Heather Block was managing aid projects for the State Department and the United Nations in Afghanistan when she found a lump in her breast. Following a mastectomy and chemotherapy, she was on the road to recovery. Then, a year after her oncologist pronounced her cured, the cancer returned, and this time to her liver. After she underwent a brutal liver resection to remove the cancer, doctors discovered that it had spread to her lungs.

Stage 4 cancer with no cure — her oncologist told her that half of women survive two years and only 20 percent last five years. Four and a half years later, Heather — now 53 and living in Lewes, Del. — appears to be beating the odds, surviving on costly drugs.

According to a recent story on the AARP website by Jo Ann Jenkins, AARP CEO, Medicare pays approximately $2,000 for Block’s monthly prescription drug treatment. But because it is billed through Medicare Part B, which does not have an out-of-pocket maximum, she is responsible for 20 percent of the cost of every cancer drug she takes, more than $400 a month — and the costs keep rising at alarming rates.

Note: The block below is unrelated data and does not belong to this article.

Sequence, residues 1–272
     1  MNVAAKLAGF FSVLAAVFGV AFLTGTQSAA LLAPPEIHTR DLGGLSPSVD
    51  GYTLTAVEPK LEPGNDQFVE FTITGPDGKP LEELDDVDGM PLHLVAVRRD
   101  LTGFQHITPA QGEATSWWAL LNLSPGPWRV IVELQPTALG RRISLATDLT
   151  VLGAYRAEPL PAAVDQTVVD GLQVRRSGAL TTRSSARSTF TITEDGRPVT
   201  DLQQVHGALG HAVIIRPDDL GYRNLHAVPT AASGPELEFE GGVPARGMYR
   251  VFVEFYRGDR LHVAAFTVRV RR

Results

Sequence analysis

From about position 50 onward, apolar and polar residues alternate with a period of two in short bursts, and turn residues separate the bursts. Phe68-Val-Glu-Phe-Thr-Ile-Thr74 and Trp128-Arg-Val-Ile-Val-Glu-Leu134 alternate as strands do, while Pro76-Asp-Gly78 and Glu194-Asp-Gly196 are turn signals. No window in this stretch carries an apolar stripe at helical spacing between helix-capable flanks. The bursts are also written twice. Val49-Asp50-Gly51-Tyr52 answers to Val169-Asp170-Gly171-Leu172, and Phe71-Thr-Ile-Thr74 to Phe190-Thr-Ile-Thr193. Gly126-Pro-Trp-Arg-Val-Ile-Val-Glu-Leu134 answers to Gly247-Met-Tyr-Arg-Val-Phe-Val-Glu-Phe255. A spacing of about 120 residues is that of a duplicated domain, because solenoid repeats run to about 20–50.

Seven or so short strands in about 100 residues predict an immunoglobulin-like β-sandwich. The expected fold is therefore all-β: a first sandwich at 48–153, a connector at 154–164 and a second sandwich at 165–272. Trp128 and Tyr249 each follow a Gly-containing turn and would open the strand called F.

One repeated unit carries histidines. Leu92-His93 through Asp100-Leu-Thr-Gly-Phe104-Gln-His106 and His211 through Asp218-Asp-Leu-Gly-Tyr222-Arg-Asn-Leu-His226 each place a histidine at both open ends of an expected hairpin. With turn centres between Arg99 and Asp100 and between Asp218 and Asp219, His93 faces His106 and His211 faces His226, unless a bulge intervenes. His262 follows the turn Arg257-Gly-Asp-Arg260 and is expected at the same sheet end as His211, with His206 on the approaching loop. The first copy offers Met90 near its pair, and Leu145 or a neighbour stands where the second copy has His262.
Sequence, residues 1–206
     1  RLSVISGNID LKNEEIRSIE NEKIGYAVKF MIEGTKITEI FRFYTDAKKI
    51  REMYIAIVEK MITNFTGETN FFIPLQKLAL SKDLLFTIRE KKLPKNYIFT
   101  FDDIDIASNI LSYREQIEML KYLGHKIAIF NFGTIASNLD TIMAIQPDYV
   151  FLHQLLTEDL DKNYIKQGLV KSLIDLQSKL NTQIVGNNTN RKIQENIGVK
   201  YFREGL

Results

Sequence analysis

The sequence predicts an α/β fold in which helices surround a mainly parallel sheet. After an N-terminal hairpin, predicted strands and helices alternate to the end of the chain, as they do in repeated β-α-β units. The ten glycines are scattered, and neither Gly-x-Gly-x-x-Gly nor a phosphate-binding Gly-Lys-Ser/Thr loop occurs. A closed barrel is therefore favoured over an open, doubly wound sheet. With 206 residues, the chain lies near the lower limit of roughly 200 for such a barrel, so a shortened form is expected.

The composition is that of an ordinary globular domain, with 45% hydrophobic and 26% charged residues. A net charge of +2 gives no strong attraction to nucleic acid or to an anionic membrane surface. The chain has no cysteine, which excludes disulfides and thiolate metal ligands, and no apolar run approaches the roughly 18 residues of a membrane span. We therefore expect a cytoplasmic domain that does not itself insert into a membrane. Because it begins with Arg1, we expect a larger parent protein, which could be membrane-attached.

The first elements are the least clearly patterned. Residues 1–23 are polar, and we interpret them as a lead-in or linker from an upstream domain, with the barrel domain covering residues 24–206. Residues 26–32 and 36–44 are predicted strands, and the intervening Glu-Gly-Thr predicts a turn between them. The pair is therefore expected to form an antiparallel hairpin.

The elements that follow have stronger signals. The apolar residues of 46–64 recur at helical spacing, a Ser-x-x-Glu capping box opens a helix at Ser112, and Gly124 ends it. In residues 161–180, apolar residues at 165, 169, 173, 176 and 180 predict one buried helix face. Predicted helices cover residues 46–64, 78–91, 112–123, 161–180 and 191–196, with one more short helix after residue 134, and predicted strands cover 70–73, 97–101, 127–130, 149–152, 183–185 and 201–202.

Like Block, millions of Americans struggle with the high cost of prescription drugs. AARP’s most recent look at prescription drug prices, “2015 Survey on Prescription Drugs,” found that 3 of 4 adults age 50-plus regularly take at least one prescription medication, and over 8 in 10 take at least two drugs. More than half of seniors take four or more drugs.

Drug manufacturer price increases play a huge role in the high cost of prescription drugs. Prices for widely used brand-name and specialty drugs, such as those used to treat cancer, multiple sclerosis and rare diseases, rose the most, increasing by more than 10 percent on average in 2013. The average annual cost for a specialty drug in 2013 was $53,384, roughly 18 times the average cost for a brand-name drug ($2,960) and 189 times the average annual price for a generic drug ($283). There are also some generic drugs with extraordinary price increases.

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